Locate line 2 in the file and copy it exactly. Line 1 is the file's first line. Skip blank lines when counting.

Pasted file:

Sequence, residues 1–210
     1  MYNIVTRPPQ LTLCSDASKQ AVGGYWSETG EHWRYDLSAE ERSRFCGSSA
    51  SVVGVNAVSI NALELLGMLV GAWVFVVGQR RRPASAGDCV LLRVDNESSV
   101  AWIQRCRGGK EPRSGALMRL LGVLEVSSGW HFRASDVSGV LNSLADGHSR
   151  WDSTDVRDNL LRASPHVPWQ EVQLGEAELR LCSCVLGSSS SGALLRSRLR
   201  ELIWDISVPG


     1  MYNIVTRPPQ LTLCSDASKQ AVGGYWSETG EHWRYDLSAE ERSRFCGSSA